My new laptop (Asus N55SL) has a built-in wireless-n 1030 adapter. I'm using a Netgear DGND3700 Dual-Band router which is already being used by a few devices (via the g and n networks) so I know my router is working fine.
Both wireless bands are broadcasting their SSID.
My new laptop does not detect the n network. It can see the g network fine. I've even tried manually adding the n network with no result.
I've checked adapter properties and they are set as the following:
802.11n Channel Width for band 2.4 - Auto
802.11n mode - Enabled
Ad-Hoc channel for 802.11b/g - 11
Ad-Hoc QoS mode - WMM enabled
Bluetooth AMP - disabled
Fat channel intolerant - disabled
Mixed mode protection - CTS-to-self Enabled
Roaming aggressiveness - 3. Medium
Transmit power - 5. Highest
Wireless mode - 3. 802.11 b/g
I think the last 2 are for when I wish to use my laptop as a wireless station (?).
Everything looks like it should be able to connect to an n-network but it can't.
I'm using the latest wireless adapter drives from Intel.
Laptop specs are:
Windows 7 HP w/ SP1 x64
Intel i5 2450M (2.5Ghz)
6GB of DDR3 RAM
Note that the Intel(R) Centrino Wireless-N 1030 is a Single-Band card, where will only connect to a 2.4ghz Network.
If your Netgear DGND3700 Dual-Band router is broadcasting Wireless-N on the 5Ghz spectrum, then the card would not be able to even see the SSID at all, and this explains the behavior you are seen.
We would recommend either contacting Netgear* and see if there's a way to change the router's setting to broadcast Wireless-N on 2.4Ghz spectrum.
The speeds on the card would vary, depending on the integration from each OEM, however you may want to try the following:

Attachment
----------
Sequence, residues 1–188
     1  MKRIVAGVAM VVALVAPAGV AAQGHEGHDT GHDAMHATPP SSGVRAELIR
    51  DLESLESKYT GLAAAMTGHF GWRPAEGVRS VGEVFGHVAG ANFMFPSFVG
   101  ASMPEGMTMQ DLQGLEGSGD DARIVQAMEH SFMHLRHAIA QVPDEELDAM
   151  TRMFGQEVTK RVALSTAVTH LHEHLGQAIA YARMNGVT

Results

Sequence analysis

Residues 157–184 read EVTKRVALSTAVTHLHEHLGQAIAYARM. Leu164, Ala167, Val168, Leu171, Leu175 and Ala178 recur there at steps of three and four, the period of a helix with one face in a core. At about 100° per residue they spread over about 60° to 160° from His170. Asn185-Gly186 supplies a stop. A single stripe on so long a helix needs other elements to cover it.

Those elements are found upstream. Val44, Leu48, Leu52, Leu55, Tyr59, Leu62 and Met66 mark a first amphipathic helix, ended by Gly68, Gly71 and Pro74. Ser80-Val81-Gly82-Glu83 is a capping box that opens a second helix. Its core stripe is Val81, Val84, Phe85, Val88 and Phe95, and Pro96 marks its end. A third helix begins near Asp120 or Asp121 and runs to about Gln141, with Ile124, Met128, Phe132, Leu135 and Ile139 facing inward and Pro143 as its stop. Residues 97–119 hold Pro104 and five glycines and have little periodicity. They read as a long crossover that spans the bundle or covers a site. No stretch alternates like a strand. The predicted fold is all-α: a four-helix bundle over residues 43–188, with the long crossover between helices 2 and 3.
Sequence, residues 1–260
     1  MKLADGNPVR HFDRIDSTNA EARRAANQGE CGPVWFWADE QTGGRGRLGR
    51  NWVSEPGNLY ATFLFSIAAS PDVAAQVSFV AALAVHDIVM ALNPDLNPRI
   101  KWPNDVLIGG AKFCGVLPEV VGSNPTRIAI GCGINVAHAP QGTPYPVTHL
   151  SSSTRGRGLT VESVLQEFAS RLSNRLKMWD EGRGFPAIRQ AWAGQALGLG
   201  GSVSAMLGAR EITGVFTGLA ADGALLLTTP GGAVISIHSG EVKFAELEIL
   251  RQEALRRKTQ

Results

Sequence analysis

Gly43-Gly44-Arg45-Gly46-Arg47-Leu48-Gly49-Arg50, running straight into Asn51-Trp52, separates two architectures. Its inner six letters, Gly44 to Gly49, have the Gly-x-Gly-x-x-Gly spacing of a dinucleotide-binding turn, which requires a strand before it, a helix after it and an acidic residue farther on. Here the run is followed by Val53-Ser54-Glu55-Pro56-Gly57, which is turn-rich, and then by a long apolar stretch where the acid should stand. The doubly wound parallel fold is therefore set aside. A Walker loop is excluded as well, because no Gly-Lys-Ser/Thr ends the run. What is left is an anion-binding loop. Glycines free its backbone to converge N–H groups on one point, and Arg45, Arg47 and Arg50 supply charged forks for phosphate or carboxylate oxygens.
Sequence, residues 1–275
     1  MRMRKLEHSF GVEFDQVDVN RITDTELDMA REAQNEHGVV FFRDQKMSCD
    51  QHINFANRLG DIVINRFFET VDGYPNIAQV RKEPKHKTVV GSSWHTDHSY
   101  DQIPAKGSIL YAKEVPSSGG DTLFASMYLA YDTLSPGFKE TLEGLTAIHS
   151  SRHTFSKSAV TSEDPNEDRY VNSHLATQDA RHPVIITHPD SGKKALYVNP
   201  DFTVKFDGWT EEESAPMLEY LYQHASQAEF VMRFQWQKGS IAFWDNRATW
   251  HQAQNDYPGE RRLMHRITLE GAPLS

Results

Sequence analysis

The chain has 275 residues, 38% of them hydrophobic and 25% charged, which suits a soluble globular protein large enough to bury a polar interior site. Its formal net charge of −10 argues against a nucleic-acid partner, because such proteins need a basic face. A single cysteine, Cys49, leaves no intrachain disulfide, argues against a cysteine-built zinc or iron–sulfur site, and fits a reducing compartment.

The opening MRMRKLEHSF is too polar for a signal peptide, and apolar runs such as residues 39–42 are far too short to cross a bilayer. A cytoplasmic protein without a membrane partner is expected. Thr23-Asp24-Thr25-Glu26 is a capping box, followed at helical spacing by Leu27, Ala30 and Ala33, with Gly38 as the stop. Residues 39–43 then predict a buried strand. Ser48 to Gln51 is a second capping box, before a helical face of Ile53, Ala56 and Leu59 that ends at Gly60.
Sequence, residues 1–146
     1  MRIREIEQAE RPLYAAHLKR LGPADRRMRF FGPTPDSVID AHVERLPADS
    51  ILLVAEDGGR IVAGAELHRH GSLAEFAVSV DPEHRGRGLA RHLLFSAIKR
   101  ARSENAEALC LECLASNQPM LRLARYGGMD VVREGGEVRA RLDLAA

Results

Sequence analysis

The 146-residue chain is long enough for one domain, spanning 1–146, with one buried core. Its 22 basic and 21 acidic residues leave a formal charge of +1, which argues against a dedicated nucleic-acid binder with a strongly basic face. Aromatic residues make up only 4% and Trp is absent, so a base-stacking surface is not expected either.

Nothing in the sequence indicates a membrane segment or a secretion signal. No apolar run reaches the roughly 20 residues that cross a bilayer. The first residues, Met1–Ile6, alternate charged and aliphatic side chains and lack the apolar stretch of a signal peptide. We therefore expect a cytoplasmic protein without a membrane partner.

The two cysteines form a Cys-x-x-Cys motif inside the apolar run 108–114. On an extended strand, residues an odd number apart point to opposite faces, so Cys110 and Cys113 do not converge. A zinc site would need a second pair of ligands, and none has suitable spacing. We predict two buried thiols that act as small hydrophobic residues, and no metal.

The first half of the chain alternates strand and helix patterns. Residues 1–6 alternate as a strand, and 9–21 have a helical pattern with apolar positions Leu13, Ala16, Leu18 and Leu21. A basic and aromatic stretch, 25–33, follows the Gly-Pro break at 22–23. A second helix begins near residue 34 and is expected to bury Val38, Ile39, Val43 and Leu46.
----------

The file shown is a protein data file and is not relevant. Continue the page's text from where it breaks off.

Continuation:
1. Have the most current driver from the OEM manufacturer
2. Set router to 20/40 Auto channel width, mixed n/g
3. Turn on WPA2/AES encryption, not TKIP
4. Enable WMM and QoS on router
See the following URL:
Data rate will not exceed 54 Mbps when WEP or TKIP encryption is configured
I saw your response to Chris, which said that the N-1030 was not dual-band. That is very helpful
information as it explains a problem I was having.
To be honest, I thought any adapter that support 802.11n was dual-band by definitiont. Apparently I’ve learned something.
I was looking at the product specs for the N-1030, (http://www.intel.com/content/dam/www/public/us/en/documents/product-briefs/centrino-wireless-n-1030-brief.pdf) and while it states support for 802.11b/g/n I don’t see where it says anything about single vs dual band, or 2.4 vs 5 ghz.
So, I guess my question...as I look for WiFi solutions, what should be I looking for in the specs to be assured that it can operate in both bands?
Buy a laptop that has the "802.11a" or "802.11ac" on their specs. For example, the Intel Centrino Advanced-N 6205 has this specification: 802.11a/b/g/n. If you see the letter "a" before "b" it means it has 5 GHz capability. follow this thread for more information: https://communities.intel.com/message/220265#220265